Few organizations continue to maintain a paper-based, in-person training program these days. However, several sources—such as the American Health Lawyers Association, the Health Care Compliance Association, and the Healthcare Information and Management Systems Society—offer training modules that effectively educate the entire organization on general and specific healthcare compliance fundamentals.
The main challenge for all healthcare compliance training and education programs, whether paper-based, online, or embedded into learning management systems, is keeping up with the regulatory changes. As the regulations evolve, so must the training programs, which often requires the purchase of new, updated modules that incorporate the latest information. This inefficiency not only increases the cost of sustaining continuous education programs, it also means the latest information available to healthcare organizations is also playing catch-up to the realities facing these entities today.
Effective lines of communication
Effective lines of communication improve every aspect of human engagement, whether in our personal or professional lives. For healthcare compliance programs, the better an organization communicates regulatory requirements, the more effectively it can foster an enterprise-wide culture of compliance.
By orchestrating how compliance teams transmit and receive knowledge, healthcare payers and providers can nurture greater interdepartmental collaboration as well as improve the ability to keep pace with regulatory changes.
Yet, the system is only as good as the data being communicated. Even the most sophisticated communication programs can lead to noncompliance if the information communicated is outdated. That’s why access to today’s regulatory data is so critical to compliance program effectiveness.
Internal monitoring and auditing
In 2004, the Health Care Compliance Association and the Association of Healthcare Internal Auditors pooled their expertise and jointly developed the “Seven Components Framework.” The seven components are:
Perform a risk assessment and determine the level of risk;
Understand laws and regulations governing those areas to be monitored and possibly audited;
Obtain and/or establish policies for specific issues and areas, define accountability in the policies, and develop procedures to support the policies;
Educate on the policies and procedures and communicate awareness of key requirements;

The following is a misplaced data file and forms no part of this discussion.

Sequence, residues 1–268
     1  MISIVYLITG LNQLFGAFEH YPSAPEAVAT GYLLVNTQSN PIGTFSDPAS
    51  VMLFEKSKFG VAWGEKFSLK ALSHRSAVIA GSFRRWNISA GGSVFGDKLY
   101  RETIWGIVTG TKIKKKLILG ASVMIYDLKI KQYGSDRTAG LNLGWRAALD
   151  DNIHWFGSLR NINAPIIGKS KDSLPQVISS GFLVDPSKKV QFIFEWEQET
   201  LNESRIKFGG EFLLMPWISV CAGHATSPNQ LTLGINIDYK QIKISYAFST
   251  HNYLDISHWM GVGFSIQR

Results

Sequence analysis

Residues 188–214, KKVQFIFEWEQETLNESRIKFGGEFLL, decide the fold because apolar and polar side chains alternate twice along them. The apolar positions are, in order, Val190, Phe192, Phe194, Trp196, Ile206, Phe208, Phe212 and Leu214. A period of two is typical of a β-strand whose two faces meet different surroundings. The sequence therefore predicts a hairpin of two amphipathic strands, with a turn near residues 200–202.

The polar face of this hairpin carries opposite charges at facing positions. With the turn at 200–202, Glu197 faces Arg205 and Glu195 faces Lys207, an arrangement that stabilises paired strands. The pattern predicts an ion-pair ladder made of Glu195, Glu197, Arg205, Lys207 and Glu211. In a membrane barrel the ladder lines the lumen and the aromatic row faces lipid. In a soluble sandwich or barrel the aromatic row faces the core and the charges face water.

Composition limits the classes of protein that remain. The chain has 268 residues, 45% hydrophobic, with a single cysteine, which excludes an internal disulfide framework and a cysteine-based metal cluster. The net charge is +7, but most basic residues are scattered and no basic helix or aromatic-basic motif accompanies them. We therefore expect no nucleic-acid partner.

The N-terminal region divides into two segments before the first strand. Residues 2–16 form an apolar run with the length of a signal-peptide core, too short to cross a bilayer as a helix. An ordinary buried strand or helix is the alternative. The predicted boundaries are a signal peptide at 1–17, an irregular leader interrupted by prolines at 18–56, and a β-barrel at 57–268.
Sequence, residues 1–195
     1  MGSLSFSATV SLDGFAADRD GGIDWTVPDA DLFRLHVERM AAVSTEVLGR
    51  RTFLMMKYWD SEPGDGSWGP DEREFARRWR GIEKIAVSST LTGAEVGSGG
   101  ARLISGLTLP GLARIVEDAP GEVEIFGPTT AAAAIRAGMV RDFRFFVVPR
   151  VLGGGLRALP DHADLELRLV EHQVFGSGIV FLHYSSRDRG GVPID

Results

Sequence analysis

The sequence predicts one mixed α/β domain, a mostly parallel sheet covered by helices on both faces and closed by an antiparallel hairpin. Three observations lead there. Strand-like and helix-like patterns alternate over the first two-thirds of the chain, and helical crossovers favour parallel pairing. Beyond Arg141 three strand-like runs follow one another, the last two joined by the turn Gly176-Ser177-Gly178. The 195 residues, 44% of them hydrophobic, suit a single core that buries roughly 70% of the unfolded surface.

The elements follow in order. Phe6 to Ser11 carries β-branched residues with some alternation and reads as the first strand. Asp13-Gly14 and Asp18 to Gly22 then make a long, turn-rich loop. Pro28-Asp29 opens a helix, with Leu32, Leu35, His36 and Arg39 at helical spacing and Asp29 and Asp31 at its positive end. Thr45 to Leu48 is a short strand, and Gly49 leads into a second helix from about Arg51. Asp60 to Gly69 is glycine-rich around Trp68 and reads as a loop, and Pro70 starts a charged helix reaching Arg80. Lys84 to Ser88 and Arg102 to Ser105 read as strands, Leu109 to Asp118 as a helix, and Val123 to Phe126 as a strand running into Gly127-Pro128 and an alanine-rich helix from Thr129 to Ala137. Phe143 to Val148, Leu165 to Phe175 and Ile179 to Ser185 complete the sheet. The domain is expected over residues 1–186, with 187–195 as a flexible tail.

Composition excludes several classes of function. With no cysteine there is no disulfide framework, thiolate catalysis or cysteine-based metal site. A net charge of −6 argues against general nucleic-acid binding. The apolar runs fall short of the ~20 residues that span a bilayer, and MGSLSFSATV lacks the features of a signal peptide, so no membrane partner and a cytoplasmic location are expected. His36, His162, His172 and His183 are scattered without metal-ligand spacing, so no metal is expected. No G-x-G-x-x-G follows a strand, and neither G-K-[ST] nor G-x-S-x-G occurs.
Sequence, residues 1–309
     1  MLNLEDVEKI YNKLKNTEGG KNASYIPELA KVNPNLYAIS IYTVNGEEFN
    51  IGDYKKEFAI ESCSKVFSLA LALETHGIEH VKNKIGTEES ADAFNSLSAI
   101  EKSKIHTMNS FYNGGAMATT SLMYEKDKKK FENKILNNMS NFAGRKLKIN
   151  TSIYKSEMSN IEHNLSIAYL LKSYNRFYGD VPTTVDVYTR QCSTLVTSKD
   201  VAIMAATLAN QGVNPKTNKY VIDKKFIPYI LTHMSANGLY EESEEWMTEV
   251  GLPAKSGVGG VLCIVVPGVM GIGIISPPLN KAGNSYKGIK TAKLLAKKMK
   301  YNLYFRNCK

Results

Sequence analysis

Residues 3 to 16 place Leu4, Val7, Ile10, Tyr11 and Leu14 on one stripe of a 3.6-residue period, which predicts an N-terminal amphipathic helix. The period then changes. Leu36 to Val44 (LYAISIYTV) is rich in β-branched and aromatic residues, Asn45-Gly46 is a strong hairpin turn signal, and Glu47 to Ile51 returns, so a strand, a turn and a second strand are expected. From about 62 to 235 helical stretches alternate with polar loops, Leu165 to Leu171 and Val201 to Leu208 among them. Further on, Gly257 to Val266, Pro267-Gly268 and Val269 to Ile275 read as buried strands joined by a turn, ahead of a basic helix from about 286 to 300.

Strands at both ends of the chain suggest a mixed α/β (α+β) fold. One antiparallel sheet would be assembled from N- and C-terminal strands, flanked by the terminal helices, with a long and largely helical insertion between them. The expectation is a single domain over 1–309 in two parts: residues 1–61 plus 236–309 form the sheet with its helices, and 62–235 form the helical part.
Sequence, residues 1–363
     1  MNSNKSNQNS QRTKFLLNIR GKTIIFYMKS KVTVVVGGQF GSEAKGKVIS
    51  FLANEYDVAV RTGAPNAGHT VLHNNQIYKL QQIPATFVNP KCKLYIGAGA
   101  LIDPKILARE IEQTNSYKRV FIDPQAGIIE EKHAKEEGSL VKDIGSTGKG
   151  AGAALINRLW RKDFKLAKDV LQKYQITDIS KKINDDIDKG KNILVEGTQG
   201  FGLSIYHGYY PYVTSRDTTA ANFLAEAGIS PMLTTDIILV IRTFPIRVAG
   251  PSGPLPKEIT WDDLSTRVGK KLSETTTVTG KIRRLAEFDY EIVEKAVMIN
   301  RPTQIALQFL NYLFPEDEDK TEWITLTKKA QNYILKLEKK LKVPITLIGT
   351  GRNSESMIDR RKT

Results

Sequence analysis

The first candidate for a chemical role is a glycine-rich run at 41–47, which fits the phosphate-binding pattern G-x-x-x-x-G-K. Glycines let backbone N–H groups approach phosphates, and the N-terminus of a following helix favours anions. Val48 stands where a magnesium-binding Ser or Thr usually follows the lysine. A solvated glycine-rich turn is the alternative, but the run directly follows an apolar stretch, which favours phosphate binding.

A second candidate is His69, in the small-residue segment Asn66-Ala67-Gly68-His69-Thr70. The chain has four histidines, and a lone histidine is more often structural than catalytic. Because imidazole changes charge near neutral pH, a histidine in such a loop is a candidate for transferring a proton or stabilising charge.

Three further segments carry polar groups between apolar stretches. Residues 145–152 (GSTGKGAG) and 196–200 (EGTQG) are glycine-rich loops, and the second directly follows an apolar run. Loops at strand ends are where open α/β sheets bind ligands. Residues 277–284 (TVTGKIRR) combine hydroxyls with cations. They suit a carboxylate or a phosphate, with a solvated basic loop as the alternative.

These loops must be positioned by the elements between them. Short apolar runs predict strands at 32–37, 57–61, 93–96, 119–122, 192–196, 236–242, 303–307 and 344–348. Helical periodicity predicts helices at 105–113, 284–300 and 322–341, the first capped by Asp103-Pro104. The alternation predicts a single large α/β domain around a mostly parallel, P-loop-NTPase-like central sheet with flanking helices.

Monitor compliance with the laws, the Joint Commission on Accreditation of Healthcare Organizations guidance, and the organization’s policies and procedures;
Audit the highest risk areas; and
Re-educate staff on the law, policies and procedures, issues identified in the audit, and corrective actions planned or taken.
By applying this framework to internal auditing and monitoring practices, healthcare organizations will benefit from systematic processes to address and resolve demanding compliance issues.
If these seven components sound redundant, it’s because they are. There is a large degree of overlap contained within this widely accepted framework. Why? Because an effective auditing and monitoring system is like an ECG measuring the beating heart of a healthcare organization’s compliance program.
Therefore, it should come as no surprise that the quality of an auditing and monitoring program is only as good as the data being audited and monitored. If information is inconsistent (e.g., due to differing procedures for the same processes in different departments and incompatible data formats in disparate systems) or negated by a recent regulatory change, the auditing and monitoring program won’t consistently prevent noncompliance across the entire enterprise.
Enforcing standards largely relies on the quality of an organization’s communications channels. Healthcare entities must publicize and promote disciplinary guidelines that outline the policies and procedures for issues of noncompliance. These policies and procedures may include sanctions for FDR employees and contractors who fail to comply with CMS requirements or even failure to detect noncompliance when due diligence should have provided adequate clues.
Failure to enforce the healthcare organization’s policies and procedures renders the compliance program ineffective. If there are no consequences for noncompliance—intentional and malicious or unintentional—there’s little incentive to advance compliance program effectiveness.
But it’s difficult to enforce standards fairly if the data used to assess standards are outdated. Therefore, healthcare organizations must make every effort to ensure their information is based upon the current environment within which they operate.
Corrective action plans
For a corrective action plan (CAP) to be successful, healthcare organizations must be able to define the causes and effects of noncompliance, as well as develop a management architecture to address and administer the CAP, and the compliance team must approve the approach. Keys to successful mitigation of issues include assigning individuals or teams to minimize a violation’s impact and developing action steps with timelines to resolve the violation.
Each assigned individual or team must then provide progress updates to the compliance team to ensure timely resolution.
For manually administered plans, particularly those within large health plans, executing CAPs successfully is inefficient. Inconsistent information and incompatible data formats get complicated even further when transmitted via nonautomated communication channels.
Most problematic of all, perhaps, is the fact that any plan correcting a compliance violation may be resolving for a regulation that may be outdated. Without real-time data—data that are current as of today—it can be challenging to administer and maintain an effective compliance program. And, especially when it comes to issues regarding overpayment by the government — and the potential criminal violations, when perceived as an intentional attempt to conceal the violation — compliance program effectiveness needs to evolve and embrace automation.